The gear you carry on a mission is a resource. Jorune: Evolutions uses a slot based encumbrance system that tracks how many significant items you are carrying. It is important that you list items on your character sheet in the order of accessibility, with lower numbers being more accessible than higher numbers.
Clothing, jewelry or knick-knacks, and your pack do not fill slots. Armor, on the other hand, does occupy slots: (Light 2 , medium 4, heavy 6). Small items of the same kind can be bundled in 4s. Each brace of ammunition counts as one slot. Large or bulky items occupy two (or more) slots.
- 10 + Str Mod + Size Mod items or fewer: unencumbered
- 11-15 + Str Mod + Siz Mod items: encumbered
- 15-20 + Str Mod + Siz Mod items: heavily encumbered
- Thombo/Horse: 20 Slots Unencumbered/21-25 Slots Encumbered/26-30 Slots Heavily Encumbered. Carrying a Rider=10 Slots.
- Bochugon: 40 Slots Unencumbered/41-50 Slots Encumbered/51-60 Slots Heavily Encumbered. Carrying a rider=10 slots.
Encumbered: Reduce travel movement by 1 hex. -1 to physical stat checks, physical skills, and combat rolls. Make a stamina check after a day of travel. On a 6- acquire one level of exhaustion (§2.7)
Heavily Encumbered: Reduce travel movement by 2 hexes. -1 to physical stat checks, physical skills, and combat rolls. Test stamina at -1 after a day of travel and at the end of each combat in which the character participates. On a 6- acquire one level of exhaustion.
All travel is represented by movement across a hexmap representing a wilderness region to be explored. Travel speeds are measured in hexes. There is base travel speed depending on your method of travel. Note that everyone must employ a certain mode of transport to benefit from the higher travel speed. Travel speed is not variable by terrain type, since we assume a single base type of terrain. In regions where movement is easy, hex sizes are assumed to be larger (3 miles). In regions that are harder to move through, hex sizes are assumed to be smaller (1 or 2 miles depending on how hard the terrain is).
Base Land Travel Speeds:
- On Foot: 5 Hexes
- Bochugon: 5 Hexes
- Thombo: 6 Hexes
- Horse: 7 Hexes
- Encumbered: -1 Hex
- Heavily Encumbered: -2 Hexes
When the party has exhausted its movement on foot, the party may choose to continue pushing further. For each hex the party moves into, each character must test stamina or acquire one level of exhaustion. When mounted, the mounts make the check instead of the humans. For each exhaustion check after the first, roll a wound check for the mount to see if it dies.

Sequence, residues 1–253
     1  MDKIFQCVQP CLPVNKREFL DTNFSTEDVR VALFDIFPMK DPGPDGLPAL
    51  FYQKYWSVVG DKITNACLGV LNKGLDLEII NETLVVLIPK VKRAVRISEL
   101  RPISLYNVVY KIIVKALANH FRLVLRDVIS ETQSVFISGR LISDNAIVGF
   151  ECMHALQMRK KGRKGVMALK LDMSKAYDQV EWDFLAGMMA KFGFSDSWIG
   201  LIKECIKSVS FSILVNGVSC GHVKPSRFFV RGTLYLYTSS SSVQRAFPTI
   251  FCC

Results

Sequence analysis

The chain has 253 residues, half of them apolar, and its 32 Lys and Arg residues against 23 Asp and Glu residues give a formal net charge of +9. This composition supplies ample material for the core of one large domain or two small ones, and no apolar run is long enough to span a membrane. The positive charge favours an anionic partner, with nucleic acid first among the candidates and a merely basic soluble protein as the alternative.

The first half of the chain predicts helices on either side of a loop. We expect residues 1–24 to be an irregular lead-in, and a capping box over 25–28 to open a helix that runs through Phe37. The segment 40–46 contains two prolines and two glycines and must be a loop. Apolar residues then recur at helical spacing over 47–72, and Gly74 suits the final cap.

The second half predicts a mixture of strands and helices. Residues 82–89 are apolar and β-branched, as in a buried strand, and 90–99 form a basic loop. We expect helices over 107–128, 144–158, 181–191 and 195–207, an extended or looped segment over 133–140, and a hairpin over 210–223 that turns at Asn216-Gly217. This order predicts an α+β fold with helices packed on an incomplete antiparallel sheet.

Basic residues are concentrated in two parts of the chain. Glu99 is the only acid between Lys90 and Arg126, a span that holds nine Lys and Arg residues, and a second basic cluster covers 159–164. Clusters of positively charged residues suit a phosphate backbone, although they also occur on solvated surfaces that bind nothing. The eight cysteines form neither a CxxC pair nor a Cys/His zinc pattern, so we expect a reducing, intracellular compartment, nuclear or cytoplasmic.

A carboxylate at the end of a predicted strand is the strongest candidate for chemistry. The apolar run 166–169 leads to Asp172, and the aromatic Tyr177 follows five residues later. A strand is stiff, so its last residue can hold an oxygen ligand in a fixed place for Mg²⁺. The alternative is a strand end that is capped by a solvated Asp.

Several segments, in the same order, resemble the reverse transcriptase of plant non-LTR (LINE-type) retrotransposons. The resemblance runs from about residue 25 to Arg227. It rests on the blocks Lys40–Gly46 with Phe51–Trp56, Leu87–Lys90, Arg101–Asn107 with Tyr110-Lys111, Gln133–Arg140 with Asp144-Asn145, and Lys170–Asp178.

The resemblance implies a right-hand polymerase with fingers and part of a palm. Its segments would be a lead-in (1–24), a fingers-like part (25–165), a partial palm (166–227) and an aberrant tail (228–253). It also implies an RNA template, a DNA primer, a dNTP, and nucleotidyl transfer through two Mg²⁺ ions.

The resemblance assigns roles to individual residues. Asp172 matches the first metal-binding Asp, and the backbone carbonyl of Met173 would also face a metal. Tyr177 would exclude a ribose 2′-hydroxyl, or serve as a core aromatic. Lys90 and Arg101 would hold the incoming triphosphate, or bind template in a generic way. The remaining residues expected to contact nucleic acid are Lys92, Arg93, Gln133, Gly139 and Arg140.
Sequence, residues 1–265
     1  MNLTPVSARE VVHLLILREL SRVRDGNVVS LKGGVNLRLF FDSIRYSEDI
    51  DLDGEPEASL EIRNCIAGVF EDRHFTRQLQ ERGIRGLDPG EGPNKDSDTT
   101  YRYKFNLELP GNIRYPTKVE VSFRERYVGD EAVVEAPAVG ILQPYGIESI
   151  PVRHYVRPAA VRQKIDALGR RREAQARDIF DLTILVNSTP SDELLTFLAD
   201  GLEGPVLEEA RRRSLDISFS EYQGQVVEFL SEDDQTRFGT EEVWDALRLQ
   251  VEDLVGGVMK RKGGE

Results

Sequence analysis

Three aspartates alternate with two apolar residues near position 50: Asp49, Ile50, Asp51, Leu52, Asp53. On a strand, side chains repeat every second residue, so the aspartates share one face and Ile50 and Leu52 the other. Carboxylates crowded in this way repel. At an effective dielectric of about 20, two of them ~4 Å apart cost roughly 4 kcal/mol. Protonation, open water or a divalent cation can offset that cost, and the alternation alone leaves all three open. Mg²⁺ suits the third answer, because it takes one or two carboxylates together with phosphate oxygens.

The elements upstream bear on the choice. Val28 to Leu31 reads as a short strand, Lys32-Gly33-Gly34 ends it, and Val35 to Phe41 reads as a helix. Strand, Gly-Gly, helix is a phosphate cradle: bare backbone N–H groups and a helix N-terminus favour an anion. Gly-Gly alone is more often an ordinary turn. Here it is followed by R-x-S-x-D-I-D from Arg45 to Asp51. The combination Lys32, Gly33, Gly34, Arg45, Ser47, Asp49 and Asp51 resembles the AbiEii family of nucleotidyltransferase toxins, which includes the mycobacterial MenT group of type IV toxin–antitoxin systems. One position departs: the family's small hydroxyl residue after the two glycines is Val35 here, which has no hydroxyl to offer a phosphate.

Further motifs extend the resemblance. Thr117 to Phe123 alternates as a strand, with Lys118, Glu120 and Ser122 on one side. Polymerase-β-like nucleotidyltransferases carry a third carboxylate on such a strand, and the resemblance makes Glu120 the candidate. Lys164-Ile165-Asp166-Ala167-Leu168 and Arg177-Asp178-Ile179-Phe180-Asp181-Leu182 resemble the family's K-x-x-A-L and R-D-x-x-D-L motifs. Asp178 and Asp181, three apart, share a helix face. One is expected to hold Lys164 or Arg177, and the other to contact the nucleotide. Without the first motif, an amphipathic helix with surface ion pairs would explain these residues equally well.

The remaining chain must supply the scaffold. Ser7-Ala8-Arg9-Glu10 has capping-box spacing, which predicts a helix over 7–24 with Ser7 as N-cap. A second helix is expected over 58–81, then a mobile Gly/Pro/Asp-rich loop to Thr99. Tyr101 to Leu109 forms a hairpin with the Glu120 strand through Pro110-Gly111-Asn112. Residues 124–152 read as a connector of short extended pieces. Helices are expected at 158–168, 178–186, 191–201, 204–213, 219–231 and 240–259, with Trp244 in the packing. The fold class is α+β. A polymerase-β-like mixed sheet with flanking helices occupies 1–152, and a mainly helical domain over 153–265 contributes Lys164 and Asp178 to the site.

To recover a level of exhaustion, you must camp and have access to whatever can address your condition (sleep, food, etc.). Upon wakening test stamina. On a 7+ remove a level of exhaustion. Some forms of exhaustion, including exhaustion from wounds, cannot be recovered through camping.
- Flora or Fauna
Hex Features and Landmarks
Exploring a Hex
- Flora or Fauna
Each day the Sholari makes a secret survival skill check for the relevant wilderness type to see if they get lost using the wilderness survival skill of the mission member with the highest score. This is a 2d6 check modified by skill level in the relevant type of wilderness (untrained -1/trained +0/skilled +1/master +2). On a 6- they become lost. Since no one starts higher than skilled, and since becoming a master in a skill is not easy, this means that people will often get lost. (This is an intentional design choice that emphasizes the importance of uncovering landmarks, more on which shortly.)
If lost, the Sholari will dice to see in which hex of the day's travel the party goes off course. The Sholari will then roll 1d6 to see which way the party moves out of that hex. (Note there is a 1 in 6 chance that becoming lost has no ill effect if they end up moving in the intended direction.) All further moves after that point reorient the hexfaces so that the erroneous direction is treated as the intended direction.
The party can definitively realize it is lost in two ways. The first is by succeeding at a survival skill check for a new day after camping, representing the fact that they realize they were not quite traveling in the right direction the previous day. The second is when the party fails to reach a known landmark they expect to reach along their intended route. At this point the party may move using the regular hex key with any moves they have left from their current location and try to find their way back to terra cognita.
When the party enters a hex with a landmark they have previously discovered they stop being lost. As long as they have not been lost for multiple consecutive days, the party will be able to reconstruct their movements, and the Sholari may now tell the party the hexes the party moved through while lost on the normal map, and will place any landmarks they discovered along the way on the map.
If the party wishes to camp in the wilderness, the mission member with the highest wilderness survival skill rolls a check for the group in their effort to find a suitable camp site. In inclement weather, this check receives a -1 penalty. For the result, consult the following table:
- 6-: Uncomfortable camp: Party takes disadvantage on their grit roll and receives -1 on stamina checks to recover from exhaustion.
- 7-9: Suitable camp: Party rolls for grit in the morning as usual.
- 10+: Choose 1
- Comfortable camp: Party rolls for grit (hp) with advantage in the morning and receives +1 on stamina checks to recover from exhaustion.
- Hidden camp: As a suitable camp, but the party does not check for an encounter during the night.
Hunting and Gathering
At the cost of one hex move, and a roll of the travel die, the party member with the highest survival skill may test survival to hunt and gather. If the terrain is lush they may add +1. If the terrain is barren -1.
- 6-: the party comes up empty handed
- 7-9: one half the party (rounding up) need not consume rations for the day
- 10+ no one in the party need consume rations for the day
Starvation & Dehydration
Rationing spreads the check to more people but gives a bonus to the check corresponding to the number of people with rations.
- Two people splitting 1 ration: each checks stamina at +1
- Three people splitting 2 rations: each checks stamina at +2
- Four people splitting 3 rations: each checks stamina at +3